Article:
Summer Too Hot? Cool Off With These New Flyover Videos Of Pluto And Charon


Soaring Over Pluto. Credit: NASA/JHUAPL/SSI/LPI

It’s been two years since NASA’s New Horizon spacecraft gave us our first closeup look at Pluto and its moons. These new videos use photos and elevation models of of Pluto and its largest moon, Charon, that offer a fresh new perspective of the features that make these objects so fascinating to look at. What’s more, they’re done from a vantage point even closer than a ride on New Horizons itself.

The bright expanse is the western lobe of the “heart,” informally called Sputnik Planum, which has been found to be rich in nitrogen, carbon monoxide and methane ices. Darker, water-ice terrain likely covered in tholins is seen at bottom. Credit: NASA/JHUAPL/SSI/LPI

The Pluto flyover begins over the highlands west of the great, white expanse of nitrogen ice informally named Sputnik Planitia. We see the western border of Sputnik and the dark, cratered terrain of Cthulhu Macula, with blocky mountain ranges seen on the right. Pluto’s mountains are probably made of water-ice “bedrock” and rise as high as 11,000 feet (3,500 meters), a little shy of the Rocky Mountains. Only water freezes hard enough at Pluto’s distance from the sun to maintain a firm shape. Nitrogen ice is present, too, but it’s softer and not as stiff, undoubtedly one of the reasons it fills the dwarf planet’s broad expansive plains.

The bladed terrain of Pluto’s informally named Tartarus Dorsa region, imaged by NASA’s New Horizons spacecraft in July 2015.
Credits: NASA/JHUAPL/SwRI

Notice the “red paint” splattered across the landscape. Simple organic chemicals like methane and ethane are bombarded by ultraviolet light from the sun and combine with nitrogen and other chemicals in Pluto’s atmosphere to form a reddish-brown “tholins,” a sometimes sticky residue that settles out of the atmosphere and coats large parts of the surface. Over millions of years, tholins can build up to form thick layers.

After passing over the mountains, we head north past the rugged and fractured highlands of Voyager Terra before turning south over Pioneer Terra, which displays deep and wide pits. Our journey ends in the far east in the bladed terrain of Tartarus Dorsa.  “Blades” are bowl-shaped depressions with several-hundred-foot tall blade-like spires around the edge.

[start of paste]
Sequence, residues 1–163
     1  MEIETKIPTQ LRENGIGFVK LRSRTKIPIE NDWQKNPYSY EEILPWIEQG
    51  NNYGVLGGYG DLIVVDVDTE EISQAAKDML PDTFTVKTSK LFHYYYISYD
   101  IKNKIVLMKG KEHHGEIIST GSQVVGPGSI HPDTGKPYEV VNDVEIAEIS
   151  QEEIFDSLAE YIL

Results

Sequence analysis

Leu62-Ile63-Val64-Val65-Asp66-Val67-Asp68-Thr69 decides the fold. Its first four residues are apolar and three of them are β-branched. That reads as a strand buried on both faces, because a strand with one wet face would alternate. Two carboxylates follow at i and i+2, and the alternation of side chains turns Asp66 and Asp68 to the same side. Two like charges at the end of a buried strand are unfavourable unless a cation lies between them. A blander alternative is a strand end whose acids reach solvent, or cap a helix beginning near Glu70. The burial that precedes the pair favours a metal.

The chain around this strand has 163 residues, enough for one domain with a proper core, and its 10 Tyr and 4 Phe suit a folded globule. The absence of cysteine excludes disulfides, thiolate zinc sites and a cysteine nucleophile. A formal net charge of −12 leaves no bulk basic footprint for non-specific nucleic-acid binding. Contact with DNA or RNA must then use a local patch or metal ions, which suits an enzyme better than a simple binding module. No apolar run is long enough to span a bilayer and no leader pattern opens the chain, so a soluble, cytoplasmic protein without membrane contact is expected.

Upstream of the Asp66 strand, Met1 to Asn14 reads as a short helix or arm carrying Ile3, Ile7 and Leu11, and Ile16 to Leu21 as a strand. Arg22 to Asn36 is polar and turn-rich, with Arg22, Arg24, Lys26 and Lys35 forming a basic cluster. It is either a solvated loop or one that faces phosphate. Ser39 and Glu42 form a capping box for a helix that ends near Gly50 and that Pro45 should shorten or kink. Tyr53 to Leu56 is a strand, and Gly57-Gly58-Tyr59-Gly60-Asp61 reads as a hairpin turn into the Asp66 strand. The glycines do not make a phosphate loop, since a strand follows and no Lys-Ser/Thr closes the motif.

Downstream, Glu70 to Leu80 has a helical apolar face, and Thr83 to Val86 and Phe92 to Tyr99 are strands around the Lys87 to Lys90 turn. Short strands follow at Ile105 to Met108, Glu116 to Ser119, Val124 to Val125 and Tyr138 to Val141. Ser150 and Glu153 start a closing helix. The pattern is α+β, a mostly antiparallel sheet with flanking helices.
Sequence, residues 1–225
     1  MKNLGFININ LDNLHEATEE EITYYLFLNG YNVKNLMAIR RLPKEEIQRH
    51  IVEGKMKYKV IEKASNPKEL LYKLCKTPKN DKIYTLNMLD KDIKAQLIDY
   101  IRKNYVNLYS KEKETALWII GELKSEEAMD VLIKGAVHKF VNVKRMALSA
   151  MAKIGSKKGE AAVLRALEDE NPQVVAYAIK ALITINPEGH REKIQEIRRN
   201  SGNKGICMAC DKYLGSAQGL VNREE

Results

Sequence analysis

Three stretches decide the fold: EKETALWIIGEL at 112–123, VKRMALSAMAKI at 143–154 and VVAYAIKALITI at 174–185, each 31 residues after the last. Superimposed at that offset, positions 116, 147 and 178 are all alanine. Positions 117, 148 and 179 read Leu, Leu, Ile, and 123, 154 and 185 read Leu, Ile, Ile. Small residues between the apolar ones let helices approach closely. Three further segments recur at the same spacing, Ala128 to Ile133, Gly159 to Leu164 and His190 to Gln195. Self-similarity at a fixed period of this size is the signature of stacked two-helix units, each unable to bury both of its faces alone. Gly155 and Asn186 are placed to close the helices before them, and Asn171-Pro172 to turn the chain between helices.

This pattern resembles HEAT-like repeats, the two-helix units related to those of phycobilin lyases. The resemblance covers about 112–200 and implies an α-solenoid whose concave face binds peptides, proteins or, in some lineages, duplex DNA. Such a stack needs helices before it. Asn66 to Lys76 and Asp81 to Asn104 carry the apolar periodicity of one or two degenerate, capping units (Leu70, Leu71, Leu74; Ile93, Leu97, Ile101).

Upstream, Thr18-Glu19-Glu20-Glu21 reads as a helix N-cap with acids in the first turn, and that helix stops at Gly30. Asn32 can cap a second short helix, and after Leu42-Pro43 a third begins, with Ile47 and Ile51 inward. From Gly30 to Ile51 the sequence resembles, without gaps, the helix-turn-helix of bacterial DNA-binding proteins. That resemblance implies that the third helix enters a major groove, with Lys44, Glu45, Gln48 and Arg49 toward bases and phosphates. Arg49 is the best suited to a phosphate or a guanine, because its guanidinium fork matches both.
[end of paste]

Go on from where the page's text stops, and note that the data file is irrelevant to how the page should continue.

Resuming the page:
Soaring Over Charon. Credit: NASA/JHUAPL/SSI/LPI

The flight over Pluto’s largest moon, Charon, 753 miles (1,212 km) in diameter,  begins high over the hemisphere New Horizons saw on its closest approach, then descends over the deep, wide canyon of Serenity Chasma. The view moves north, passing over Dorothy Gale crater and the dark polar hood of Mordor Macula. The flight then turns back south, covering the northern terrain of Oz Terra before ending over the relatively flat equatorial plains of Vulcan Planum and the “moated mountains” of Clarke Montes.

Pluto’s largest moon, Charon, captured by New Horizons just before closest approach on July 14, 2015. Charon’s color palette is not as diverse as Pluto’s; most striking is the reddish north (top) polar region, informally named Mordor Macula and probably covered in layers of tholins. This image resolves details as small as 1.8 miles (2.9 km). Credits: NASA/JHUAPL/SwRI

Charon is covered in water ice, where Pluto has much more nitrogen ice. It’s also home to a system of canyons, seen in the video, that’s far larger and deeper than the Grand Canyon. It’s still amazing to see so much once and possibly still-active geology on such icy worlds where the average surface temperature is –380° F (–229° C). You’d think that would be cold enough to put the kibosh on just about anything, but apparently not! Scientists are still trying to determine where the heat’s coming from that molds Pluto’s relatively young surface.

Pluto is in opposition to the sun this month and visible in larger amateur telescopes in the constellation Sagittarius in the evening sky. If you’d like to try to find it, click here for a recent article I wrote for Sky & Telescope.